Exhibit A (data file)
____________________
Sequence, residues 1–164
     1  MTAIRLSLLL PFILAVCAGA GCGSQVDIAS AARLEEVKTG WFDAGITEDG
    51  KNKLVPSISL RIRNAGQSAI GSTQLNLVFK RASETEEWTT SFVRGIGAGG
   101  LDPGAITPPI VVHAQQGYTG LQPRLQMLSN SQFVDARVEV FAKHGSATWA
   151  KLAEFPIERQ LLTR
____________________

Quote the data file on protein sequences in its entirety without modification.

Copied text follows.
Sequence, residues 1–164
     1  MTAIRLSLLL PFILAVCAGA GCGSQVDIAS AARLEEVKTG WFDAGITEDG
    51  KNKLVPSISL RIRNAGQSAI GSTQLNLVFK RASETEEWTT SFVRGIGAGG
   101  LDPGAITPPI VVHAQQGYTG LQPRLQMLSN SQFVDARVEV FAKHGSATWA
   151  KLAEFPIERQ LLTR